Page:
Will it be possible for my right hon. Friend to say when he expects that the Chancellor will be able to make any answer as a result of this examination which is taking place?

Is the Financial Secretary fully satisfied with the Chancellor's economic efforts to date, which reveal that total Government expenditure is more than £1,000 million higher than it was under the Labour Government?

So far as I understand it, the criticism which the right hon. Gentleman has made has been that we have economised too much rather than too little.

National Savings Campaign (Expenditure)


asked the Financial Secretary to the Treasury what functions are performed by the one chief illustrator, three senior illustrators and two leading illustrators who are employed at an annual cost of £5,592 in connection with the promotion of National Savings by the people.

Their main job is to help to produce posters, leaflets and other publications used by the 200,000 savings groups, the local savings committees, the banks, post offices and other organisations which are concerned with the work of the National Savings Movement.

Are these illustrators responsible for the design of the "fritter bug," and is it intended to allow the establishment of similar illustrators in other Departments of the State?

I am afraid that my entomology is not up to answering that question without notice.

While the right hon. Gentleman has described the main activities of these gentlemen, will he confirm whether it is part of their subsidiary activities to paint rosy pictures of the Treasury and what they are up to at the present time?

That work would be so unnecessary that one would not ask anyone to do it.


asked the Financial Secretary to the Treasury the reason for the increase of £108,813 in the outlays of the National Savings Committee.

The main reason for the increase is to meet the cost of a special campaign to increase savings which the National Savings Movement, with the full support of my right hon. Friend, is arranging to carry on towards the end of this year.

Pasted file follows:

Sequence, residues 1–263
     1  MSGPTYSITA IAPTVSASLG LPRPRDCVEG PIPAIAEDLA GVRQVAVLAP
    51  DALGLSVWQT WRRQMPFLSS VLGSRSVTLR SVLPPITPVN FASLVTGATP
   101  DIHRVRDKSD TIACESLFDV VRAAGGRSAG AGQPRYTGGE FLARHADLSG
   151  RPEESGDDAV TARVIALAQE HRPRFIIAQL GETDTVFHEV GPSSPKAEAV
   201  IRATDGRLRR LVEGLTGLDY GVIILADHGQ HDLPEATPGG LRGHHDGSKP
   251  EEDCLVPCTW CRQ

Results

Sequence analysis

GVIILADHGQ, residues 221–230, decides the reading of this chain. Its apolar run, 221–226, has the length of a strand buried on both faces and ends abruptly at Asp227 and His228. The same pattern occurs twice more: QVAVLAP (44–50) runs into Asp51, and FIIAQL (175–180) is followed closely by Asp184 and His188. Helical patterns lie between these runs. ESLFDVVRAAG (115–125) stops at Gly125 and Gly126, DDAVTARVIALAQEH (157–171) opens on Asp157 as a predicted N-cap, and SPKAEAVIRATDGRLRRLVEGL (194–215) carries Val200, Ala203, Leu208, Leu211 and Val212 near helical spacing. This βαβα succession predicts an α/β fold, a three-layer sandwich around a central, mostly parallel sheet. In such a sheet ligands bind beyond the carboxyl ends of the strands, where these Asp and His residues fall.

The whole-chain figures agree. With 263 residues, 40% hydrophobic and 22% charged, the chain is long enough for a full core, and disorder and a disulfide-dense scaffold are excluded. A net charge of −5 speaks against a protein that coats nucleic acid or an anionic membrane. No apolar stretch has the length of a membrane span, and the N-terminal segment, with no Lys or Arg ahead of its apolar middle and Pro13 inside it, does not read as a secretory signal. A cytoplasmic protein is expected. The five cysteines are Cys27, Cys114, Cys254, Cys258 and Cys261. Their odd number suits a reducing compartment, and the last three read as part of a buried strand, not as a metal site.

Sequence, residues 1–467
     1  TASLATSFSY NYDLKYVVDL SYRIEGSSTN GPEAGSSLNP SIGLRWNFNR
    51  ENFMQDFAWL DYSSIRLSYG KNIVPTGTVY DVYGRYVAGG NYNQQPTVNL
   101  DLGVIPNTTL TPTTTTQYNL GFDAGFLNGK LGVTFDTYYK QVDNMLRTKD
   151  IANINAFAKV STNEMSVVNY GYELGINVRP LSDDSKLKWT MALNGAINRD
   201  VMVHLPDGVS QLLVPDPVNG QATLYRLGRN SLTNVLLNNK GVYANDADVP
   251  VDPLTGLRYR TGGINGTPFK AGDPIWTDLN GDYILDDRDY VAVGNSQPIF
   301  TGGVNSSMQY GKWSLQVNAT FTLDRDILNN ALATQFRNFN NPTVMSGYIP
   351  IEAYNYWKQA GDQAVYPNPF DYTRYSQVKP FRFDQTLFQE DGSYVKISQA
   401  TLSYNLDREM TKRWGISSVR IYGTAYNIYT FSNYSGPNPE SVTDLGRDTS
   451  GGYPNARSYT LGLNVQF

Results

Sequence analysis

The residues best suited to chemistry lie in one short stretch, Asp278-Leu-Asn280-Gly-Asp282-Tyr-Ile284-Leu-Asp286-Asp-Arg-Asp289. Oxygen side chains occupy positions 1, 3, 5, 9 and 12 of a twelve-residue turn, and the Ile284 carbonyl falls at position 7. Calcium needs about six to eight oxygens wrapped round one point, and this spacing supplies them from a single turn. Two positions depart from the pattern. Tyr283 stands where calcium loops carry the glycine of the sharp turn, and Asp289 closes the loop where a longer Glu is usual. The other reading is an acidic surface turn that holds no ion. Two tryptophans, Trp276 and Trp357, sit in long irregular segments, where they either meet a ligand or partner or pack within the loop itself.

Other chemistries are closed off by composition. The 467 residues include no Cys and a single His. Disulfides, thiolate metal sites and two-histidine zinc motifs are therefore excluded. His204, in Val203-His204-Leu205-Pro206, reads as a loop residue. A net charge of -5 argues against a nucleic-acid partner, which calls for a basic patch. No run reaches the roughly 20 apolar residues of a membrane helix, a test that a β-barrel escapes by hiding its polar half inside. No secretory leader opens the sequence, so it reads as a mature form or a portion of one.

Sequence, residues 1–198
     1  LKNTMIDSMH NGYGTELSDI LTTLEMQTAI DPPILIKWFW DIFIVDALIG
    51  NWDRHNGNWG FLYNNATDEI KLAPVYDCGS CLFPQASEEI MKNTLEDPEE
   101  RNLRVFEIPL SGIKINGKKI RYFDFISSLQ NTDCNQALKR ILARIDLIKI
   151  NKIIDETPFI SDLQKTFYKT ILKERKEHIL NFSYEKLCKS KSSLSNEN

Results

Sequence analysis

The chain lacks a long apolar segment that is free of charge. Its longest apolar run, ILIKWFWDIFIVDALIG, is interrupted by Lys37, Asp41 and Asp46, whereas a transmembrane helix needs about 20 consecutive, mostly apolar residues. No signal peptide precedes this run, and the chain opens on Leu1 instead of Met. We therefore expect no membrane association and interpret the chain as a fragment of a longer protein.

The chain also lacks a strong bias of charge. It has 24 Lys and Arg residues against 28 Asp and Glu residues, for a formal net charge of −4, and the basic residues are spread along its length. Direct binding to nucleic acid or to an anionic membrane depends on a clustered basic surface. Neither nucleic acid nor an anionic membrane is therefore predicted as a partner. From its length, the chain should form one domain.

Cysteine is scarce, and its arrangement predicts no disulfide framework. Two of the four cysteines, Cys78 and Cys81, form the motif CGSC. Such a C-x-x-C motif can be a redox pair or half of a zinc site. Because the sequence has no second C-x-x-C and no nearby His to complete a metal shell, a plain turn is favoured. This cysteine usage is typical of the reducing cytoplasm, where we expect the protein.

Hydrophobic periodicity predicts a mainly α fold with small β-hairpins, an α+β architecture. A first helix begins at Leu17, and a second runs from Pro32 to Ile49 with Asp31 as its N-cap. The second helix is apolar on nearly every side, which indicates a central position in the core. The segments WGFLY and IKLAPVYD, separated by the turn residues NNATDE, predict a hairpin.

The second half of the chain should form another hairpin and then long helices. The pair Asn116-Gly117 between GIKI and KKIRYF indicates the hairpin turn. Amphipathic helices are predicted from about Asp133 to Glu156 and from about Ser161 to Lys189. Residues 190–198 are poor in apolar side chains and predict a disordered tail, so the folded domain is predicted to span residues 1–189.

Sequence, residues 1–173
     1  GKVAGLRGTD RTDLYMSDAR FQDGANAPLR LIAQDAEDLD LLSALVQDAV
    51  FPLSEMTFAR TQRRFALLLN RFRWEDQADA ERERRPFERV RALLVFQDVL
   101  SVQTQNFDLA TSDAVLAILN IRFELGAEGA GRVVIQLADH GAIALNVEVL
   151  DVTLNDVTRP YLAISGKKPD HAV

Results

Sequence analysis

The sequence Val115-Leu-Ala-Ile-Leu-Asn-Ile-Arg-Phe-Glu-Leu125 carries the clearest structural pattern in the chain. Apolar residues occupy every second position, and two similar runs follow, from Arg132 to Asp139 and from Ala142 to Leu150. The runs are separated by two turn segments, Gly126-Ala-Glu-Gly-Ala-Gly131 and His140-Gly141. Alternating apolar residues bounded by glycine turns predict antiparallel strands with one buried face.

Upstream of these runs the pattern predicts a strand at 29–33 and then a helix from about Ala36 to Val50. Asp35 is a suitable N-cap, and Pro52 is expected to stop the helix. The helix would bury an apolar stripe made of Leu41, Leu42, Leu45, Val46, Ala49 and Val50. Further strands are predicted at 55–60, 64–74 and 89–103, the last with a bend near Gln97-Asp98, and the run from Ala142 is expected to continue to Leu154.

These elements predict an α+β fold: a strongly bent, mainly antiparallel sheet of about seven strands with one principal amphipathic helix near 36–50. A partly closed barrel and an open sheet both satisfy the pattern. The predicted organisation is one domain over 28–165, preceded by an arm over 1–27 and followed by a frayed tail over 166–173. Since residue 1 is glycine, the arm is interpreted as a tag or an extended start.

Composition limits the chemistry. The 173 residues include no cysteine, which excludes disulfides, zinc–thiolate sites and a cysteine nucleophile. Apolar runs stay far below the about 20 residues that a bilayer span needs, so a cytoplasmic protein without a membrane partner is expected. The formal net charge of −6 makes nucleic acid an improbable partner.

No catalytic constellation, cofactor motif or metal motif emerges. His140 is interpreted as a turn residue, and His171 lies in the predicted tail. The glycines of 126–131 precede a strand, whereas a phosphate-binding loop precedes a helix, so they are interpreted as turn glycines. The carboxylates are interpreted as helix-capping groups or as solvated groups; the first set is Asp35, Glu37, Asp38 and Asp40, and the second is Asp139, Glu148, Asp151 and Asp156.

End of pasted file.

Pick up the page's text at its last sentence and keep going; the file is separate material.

Does not my right hon. Friend think that it would be an elementary saving not to expend this additional sum of £108,813 in the outlays of the National Savings Committee, and would it not be better to spend it in stimulating the trustee savings banks and other established organs of savings which cost the Exchequer nothing?

This campaign is designed to enable the National Savings Movement generally, embracing all the savings organisations, to make a special effort to encourage savings, and my right hon. Friend is fully satisfied that the effort in the favourable circumstances of today is well worth the money.


asked the Financial Secretary to the Treasury how much of the estimated increase in advertising by the National Savings Committee is to be expended in commercial television.

Does my right hon. Friend tell me that this important advertising campaign, backed by the illustrators and the additional £108,000 which is to be spent, is ignoring the possibilities of commercial television?

Nothing is being ignored, but perhaps I had better not anticipate today's debate.

Would not the best saving be to spend no money upon commercial television?

That question does not arise out of the original Question, but I could not disagree with the right hon. Gentleman more.